Thinking about the no atmosphere caveat here made me think of Venus, which is the opposite of no atmosphere for solid/rocky bodies in our solar system.
Earth's low orbital velocity is about 7.8 km/s. It's common to tack on another 1 to 1.5 km/s for the gravity drag and to ignore atmospheric drag in comparison. It's true that modern vehicles often reduce thrust slightly near max-Q but it's not a huge effect.
But launching from the surface of venus with its 100 times higher atmospheric density and similar scale height poses a substantial penalty.
You could not accelerate at the same rate as Earth launches; you'd hit a brick wall from atmospheric drag, so you have to climb more slowly, and minimize the sum of the losses due to drag and gravity.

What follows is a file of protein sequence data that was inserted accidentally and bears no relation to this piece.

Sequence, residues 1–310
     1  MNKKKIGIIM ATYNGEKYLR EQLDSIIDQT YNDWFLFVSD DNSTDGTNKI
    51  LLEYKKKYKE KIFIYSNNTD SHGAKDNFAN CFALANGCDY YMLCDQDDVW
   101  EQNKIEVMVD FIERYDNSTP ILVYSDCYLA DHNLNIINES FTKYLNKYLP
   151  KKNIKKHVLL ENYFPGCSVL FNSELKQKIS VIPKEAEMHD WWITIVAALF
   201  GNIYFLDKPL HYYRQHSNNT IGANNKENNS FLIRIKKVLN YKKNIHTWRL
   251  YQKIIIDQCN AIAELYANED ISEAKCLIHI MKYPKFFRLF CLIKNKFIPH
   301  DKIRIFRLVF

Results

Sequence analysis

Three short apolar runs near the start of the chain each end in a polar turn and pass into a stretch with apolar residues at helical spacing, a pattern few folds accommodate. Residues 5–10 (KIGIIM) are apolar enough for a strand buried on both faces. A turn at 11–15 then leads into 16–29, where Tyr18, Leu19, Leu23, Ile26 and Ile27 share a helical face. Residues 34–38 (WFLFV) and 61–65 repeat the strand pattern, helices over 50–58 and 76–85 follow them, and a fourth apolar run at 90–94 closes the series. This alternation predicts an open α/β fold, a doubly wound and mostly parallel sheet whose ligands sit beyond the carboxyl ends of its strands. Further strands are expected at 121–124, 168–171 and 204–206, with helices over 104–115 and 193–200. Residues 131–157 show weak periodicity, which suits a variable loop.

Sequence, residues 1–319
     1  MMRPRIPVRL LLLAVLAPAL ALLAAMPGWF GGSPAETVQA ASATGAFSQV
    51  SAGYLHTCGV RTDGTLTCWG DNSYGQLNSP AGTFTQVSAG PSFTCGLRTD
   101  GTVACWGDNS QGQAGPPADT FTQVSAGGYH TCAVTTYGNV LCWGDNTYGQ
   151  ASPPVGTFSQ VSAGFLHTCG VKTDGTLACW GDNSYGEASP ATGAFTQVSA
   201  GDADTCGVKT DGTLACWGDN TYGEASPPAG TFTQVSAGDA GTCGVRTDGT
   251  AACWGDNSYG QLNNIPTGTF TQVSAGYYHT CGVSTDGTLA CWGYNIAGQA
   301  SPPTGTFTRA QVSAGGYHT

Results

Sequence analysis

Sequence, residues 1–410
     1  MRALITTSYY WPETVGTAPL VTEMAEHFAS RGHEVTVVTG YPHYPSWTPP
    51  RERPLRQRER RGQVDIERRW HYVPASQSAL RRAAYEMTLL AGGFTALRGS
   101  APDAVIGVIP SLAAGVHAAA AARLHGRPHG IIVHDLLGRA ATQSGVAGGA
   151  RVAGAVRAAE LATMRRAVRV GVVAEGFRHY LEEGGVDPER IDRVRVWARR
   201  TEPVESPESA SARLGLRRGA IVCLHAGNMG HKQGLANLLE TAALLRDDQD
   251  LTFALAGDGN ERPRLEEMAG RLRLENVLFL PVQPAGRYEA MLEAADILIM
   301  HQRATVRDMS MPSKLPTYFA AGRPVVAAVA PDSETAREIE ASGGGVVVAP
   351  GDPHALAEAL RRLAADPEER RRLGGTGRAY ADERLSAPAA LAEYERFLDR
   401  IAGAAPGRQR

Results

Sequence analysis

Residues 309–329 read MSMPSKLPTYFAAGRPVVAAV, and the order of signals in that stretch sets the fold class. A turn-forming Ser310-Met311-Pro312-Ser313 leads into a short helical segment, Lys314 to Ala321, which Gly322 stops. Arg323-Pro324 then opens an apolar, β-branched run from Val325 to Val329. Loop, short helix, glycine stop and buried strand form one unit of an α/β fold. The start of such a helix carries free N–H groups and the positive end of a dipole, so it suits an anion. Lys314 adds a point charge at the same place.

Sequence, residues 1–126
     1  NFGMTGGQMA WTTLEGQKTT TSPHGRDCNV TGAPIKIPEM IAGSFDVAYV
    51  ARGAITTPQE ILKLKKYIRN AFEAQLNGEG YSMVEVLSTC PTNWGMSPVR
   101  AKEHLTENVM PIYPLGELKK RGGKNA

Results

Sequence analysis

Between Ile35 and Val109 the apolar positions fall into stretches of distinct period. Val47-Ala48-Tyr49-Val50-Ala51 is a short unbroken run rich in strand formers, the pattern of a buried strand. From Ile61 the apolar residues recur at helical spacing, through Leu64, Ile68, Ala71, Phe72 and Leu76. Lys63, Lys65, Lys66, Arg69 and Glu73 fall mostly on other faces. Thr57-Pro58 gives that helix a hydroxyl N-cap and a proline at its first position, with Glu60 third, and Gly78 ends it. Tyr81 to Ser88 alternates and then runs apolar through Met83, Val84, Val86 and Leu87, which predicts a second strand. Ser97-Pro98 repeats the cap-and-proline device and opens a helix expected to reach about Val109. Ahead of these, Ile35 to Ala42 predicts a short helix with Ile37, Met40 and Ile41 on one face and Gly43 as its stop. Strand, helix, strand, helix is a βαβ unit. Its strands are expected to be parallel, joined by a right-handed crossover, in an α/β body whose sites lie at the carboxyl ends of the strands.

Is it possible to estimate how much larger these losses are on Venus compared to the roughly 1 km/s delta-v loss from Earth?
Has anyone already calculated how much slower you'd have to go at max-Q, or the number of extra minutes it would take to reach low Venus orbit (compared to Earth launch)?